Upon air tests, regulators found that Brazilian Blowout Acai Professional Smoothing Solution and Brasil Cacau Cadiveu, both labeled “formaldehyde free” were found to release levels of formaldehyde above OSHA limits.
OSHA was first alerted to the issue when a hair stylist complained of nosebleeds, eye irritation and difficulty breathing after using a Brazilian Blowout product labeled “formaldehyde-free”. Oregon OSHA investigated the case.
The FDA does not comment on pending litigation, the agency said to ATTN. The agency reiterated its role regarding cosmetic products, stating “Under the Federal Food, Drug, and Cosmetic Act, cosmetic products and ingredients do not need FDA premarket approval, with the exception of color additives,” an FDA spokesperson said, according to ATTN. “Companies and individuals who manufacture or market cosmetics have a legal responsibility to ensure the safety of their products, but the agency does not have the authority to require companies to present data demonstrating the safety of their products before they are marketed.”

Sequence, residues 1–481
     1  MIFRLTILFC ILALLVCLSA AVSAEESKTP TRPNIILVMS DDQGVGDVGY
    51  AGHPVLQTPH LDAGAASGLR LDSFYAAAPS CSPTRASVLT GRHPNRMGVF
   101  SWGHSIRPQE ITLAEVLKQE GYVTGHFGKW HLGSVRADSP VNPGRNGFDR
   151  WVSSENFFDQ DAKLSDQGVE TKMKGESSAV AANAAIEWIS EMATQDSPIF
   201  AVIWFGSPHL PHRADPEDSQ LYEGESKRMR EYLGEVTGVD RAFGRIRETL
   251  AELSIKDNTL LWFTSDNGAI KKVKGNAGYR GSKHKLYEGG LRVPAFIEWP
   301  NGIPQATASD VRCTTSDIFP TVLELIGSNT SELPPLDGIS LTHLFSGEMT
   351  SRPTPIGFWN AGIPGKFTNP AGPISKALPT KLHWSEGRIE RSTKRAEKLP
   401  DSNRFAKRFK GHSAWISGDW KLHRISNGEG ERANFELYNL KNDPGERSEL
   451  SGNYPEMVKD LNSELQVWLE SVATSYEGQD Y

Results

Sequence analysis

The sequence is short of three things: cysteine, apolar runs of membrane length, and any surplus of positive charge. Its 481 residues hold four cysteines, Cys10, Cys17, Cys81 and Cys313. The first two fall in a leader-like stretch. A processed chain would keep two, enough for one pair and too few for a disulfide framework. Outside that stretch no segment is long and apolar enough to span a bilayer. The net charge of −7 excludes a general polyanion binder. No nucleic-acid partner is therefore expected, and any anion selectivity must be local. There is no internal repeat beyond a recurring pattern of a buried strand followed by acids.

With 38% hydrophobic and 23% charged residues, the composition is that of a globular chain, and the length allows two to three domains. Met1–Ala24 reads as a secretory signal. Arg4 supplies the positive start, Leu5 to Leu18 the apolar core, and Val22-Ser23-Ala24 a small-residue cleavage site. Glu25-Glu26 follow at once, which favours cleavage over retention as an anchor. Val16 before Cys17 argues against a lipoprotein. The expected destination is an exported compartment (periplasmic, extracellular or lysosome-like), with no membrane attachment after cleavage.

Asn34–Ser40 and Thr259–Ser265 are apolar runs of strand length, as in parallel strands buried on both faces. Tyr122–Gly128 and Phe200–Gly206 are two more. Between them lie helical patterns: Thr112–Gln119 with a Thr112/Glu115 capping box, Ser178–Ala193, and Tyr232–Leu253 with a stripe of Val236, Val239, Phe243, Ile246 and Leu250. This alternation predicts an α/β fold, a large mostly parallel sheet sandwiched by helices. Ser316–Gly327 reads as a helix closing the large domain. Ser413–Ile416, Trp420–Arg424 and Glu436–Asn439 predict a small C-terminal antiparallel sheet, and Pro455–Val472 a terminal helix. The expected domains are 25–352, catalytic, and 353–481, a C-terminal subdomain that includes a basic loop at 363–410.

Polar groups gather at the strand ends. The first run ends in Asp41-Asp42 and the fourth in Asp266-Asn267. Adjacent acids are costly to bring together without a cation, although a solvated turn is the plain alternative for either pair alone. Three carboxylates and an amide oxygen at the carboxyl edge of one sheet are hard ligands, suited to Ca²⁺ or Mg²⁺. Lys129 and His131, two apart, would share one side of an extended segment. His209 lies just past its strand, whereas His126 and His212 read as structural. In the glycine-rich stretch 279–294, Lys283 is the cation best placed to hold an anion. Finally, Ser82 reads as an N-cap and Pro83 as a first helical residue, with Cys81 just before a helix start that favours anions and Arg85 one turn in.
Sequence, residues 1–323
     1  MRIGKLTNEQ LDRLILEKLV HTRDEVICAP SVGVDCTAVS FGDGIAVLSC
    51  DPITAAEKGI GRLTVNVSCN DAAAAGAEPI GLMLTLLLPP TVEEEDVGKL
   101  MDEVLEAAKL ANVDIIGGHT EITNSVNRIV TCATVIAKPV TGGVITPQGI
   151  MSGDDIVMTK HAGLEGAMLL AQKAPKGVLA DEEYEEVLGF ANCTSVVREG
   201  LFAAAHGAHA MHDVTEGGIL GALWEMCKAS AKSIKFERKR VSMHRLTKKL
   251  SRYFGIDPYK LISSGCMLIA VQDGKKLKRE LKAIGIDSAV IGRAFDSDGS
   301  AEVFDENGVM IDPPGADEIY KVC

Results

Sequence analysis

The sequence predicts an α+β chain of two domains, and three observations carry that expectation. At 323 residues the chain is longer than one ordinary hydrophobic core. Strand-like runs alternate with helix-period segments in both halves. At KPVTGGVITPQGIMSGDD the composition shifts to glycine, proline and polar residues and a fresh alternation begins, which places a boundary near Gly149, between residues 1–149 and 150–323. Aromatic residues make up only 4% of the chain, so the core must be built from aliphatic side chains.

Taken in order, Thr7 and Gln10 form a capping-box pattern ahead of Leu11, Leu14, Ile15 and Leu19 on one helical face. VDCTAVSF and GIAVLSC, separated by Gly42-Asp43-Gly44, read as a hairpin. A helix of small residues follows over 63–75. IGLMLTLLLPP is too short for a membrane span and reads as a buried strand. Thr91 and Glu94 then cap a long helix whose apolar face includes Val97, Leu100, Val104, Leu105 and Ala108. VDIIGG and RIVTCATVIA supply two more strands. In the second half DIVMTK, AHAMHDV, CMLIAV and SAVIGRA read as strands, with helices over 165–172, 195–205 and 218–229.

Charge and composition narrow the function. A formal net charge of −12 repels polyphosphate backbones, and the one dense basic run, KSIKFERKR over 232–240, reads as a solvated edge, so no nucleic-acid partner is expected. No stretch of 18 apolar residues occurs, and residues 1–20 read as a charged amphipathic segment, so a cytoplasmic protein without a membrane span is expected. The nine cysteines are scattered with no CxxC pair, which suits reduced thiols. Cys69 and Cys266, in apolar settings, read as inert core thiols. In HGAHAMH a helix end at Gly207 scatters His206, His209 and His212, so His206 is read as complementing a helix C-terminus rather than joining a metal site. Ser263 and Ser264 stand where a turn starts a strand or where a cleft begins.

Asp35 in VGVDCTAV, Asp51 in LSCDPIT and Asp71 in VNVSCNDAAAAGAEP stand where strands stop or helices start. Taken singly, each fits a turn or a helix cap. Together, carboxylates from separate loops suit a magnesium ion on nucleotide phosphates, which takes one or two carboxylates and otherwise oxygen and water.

Formaldehyde Exposure Can Cause Health Problems
Individuals exposed to formaldehyde can suffer from various health problems, including eye and nose and eye irritation, coughing and wheezing. The substance is a colorless, strong-smelling vapor that is toxic when exposed to the skin, eyes or ingested. If you touch a product containing formaldehyde and then touch your face or food without washing your hands first, you may experience symptoms of exposure.